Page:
[iv. 39.] “Archbishop Adalbert, of blessed memory, likewise told us that in his predecessor’s days certain noblemen from Friesland, intending to plough the sea, set sail northwards, because people say there that due north of the mouth of the river Wirraha [Weser] no land is to be met with, but only an infinite ocean. They joined together to investigate this curious thing, and left the Frisian coast with cheerful song. Then they left Dania on one side, Britain on the other, and reached the Orkneys. When they had left these behind on the left, and had Nordmannia on the right, they reached after a long voyage the frozen Iceland. Ploughing the seas from this land towards the extreme axis of the north, after seeing behind them all the islands already mentioned, and confiding their lives and their boldness to Almighty God and the holy preacher Willehad, they suddenly glided into the misty darkness of the stiffened ocean, which can scarcely be penetrated by the eye. And behold! the stream of the unstable sea there ran back into one of its secret sources, drawing at a fearful speed the unhappy seamen, who had already given up hope and only thought of death, into that profound chaos (this is said to be the gulf of the abyss) in which it is said that all the back-currents of the sea, which seem to abate, are sucked up and vomited forth again, which latter is usually called flood-tide. While they were then calling upon God’s mercy, that He might receive their souls, this backward-running stream of the sea caught some of their fellows’ ships, but the rest were shot [Pg 196]out by the issuing current far beyond the others. When they had thus by God’s help been delivered from the imminent danger, which had been before their very eyes, they saved themselves upon the waves by rowing with all their strength.

[iv. 40.] “And being now past the danger of darkness and the region of cold they landed unexpectedly upon an island, which was fortified like a town, with cliffs all about it. They landed there to see the place, and found people who at midday hid themselves in underground caves; before the doors of these lay an immense quantity of golden vessels and metal of the sort which is regarded by mortals as rare and precious; when therefore they had taken as much of the treasures as they could lift, the rowers hastened gladly back to their ships. Then suddenly they saw people of marvellous height coming behind them, whom we call Cyclopes, and before them ran dogs which surpassed the usual size of these animals. One of the men was caught, as these rushed forward, and in an instant he was torn to pieces before their eyes; but the rest were taken up into the ships and escaped the danger, although, as they related, the giants followed them with cries nearly into deep sea. With such a fate pursuing them, the Frisians came to Bremen, where they told the most reverend Alebrand everything in order as it happened, and made offerings to the gentle Christ and his preacher Willehad for their safe return.”

http://www.gutenberg...3-h/40633-h.htm

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From that same thread:

Adam von Bremen lived in the second half of the 11th century:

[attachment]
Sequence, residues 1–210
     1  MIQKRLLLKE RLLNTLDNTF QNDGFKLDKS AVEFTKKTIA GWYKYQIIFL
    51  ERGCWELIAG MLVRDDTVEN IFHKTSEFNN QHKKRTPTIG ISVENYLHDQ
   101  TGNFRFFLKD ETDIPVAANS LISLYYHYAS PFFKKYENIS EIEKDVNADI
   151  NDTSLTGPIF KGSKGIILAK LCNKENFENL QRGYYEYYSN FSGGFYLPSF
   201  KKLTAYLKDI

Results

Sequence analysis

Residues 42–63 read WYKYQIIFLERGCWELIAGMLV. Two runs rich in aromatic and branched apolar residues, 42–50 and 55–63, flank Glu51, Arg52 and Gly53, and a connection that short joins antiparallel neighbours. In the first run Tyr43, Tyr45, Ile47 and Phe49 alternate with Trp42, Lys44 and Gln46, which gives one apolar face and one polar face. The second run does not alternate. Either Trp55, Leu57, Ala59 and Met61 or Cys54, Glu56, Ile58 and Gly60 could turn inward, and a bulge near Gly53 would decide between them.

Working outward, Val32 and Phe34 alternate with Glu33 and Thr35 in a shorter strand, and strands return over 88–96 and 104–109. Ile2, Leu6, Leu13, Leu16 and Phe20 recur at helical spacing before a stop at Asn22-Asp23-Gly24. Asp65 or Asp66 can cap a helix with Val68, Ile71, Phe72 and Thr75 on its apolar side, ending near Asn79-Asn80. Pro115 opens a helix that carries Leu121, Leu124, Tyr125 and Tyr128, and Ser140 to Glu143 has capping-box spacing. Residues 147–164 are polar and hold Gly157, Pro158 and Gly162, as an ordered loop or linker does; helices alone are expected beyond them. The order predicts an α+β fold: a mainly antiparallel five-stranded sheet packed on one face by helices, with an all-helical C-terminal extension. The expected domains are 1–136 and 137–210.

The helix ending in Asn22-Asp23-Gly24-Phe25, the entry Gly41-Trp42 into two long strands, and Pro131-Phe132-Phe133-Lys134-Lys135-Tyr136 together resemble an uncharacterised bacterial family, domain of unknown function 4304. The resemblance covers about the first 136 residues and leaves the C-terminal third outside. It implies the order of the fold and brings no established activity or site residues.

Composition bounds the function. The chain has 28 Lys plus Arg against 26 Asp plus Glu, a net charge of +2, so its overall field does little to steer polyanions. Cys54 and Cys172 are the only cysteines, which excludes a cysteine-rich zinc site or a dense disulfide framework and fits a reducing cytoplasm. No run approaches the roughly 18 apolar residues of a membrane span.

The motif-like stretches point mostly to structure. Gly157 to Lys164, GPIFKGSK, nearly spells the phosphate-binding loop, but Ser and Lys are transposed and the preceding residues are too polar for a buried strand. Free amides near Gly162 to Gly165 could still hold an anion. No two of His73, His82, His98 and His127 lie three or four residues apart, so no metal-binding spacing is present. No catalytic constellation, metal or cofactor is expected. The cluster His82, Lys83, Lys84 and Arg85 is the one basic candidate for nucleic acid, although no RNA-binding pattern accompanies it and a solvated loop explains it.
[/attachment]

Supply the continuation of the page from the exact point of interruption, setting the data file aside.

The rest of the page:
http://en.wikipedia..../Adam_of_Bremen

He talks about the Frisians sailing to the North Pole and mentions their contemporary, the reverend Alebrand, to whom they told about their adventures after they returned.:

http://de.wikipedia....rand_von_Bremen

So the Frisians are said to have reached... what? Greenland? America?... in the middle of the eleventh century.

http://en.wikipedia....lehad_of_Bremen

The Zeno brothers lived in the 14th century: http://en.wikipedia....i/Zeno_brothers

Their story about those mythical islands, like Frieslant Island, is said to be a fabrication (based on the Faroer), but could Adam von Bremen have been their source?

And did the Frisians reach the Americas in the 11th century CE??

Niccolò Zeno.

The voyages of the Venetian brothers, Nicolò & Antonio Zeno, to the northern seas in the XIVth century : comprising the latest known accounts of the lost colony of Greenland and of the Northmen in America before Columbus

http://archive.org/d...netia00zenorich

Gesta Hammaburgensis ecclesiae pontificum - Adam von Bremen

http://archive.org/d...urgen00adamuoft

Tschan, F.J. (ed.) Adam of Bremen: History of the Archbishops of Hamburg-Bremen (New York 1959)

http://books.google....epage&q&f=false

An Eleventh-Century Frisian Voyage to

Labrador: Possibilities and Probabilities

Donald D Hogarth

University of Ottawa, Canada, 2011

Scholars have largely dismissed Adam of Bremen’s account of an eleventh

century Frisian voyage to “the northwest” due to elements of the story

characterized as too mythological or obscure to be worthy of study. This

article attempts to bring some clarity to the opposing views, highlighting

what might be a “possible” interpretation of this problematic voyage.

[..]

Summary of the northwest voyage of the Frisians: possible

sequence and events

Sometime about 1040 ce, a group of East Frisians, led by several noblemen, left

the mouth of the Weser River, sailed west to England, turned north to the Orkneys,

probably passed or landed at the Faroes, then landed on Iceland. From here, the

story becomes less definite, due to a complete lack of place names. However, the

route around Greenland — across Davis Strait to the Cumberland Peninsula of Baffin

Island and into Frobisher Bay, skirting the coast of southern Labrador — follows

a well traveled Viking trail. Off Cumberland Sound they would have encountered

icebergs, in Frobisher Bay, fog and giant tides, and off Resolution Island, fierce tidal

currents. Then, finally, they landed on Castle Island in Chateâu Bay, Labrador, where

a skirmish with Viking treasure guards took place. The Frisians made off with some

of this treasure and, in order to be absolved of piracy back home, invented a tale of

treasure-hoarding Cyclopes and their giant vicious dogs. Part of their treasure was

given to the Church in memory of their patron saint, Willehad. The voyage may have

been motivated as a raid of retribution under the guise of a journey of exploration or

a missionary venture.

http://docserver.ing...DFC0F0057DCCFF7

This Hogarth thinks the Frisians raided the raiders, aka the Vikings.

But like I posted on Februari this year, Martinus Hamconius claimed the Frisians even sailed to the silver mines in Mexico, also in the 11th century:

[xxxiv] See Martinus Hamconius, writing before 1620, who claims that Netherlanders reached the mines of Mexico and settled Chile in Charles Van den Bergh, “Nederlands Aanspraak" ("Dutch Claim"), op.cit., pp.30-33.

http://www.unexplain...15#entry4218689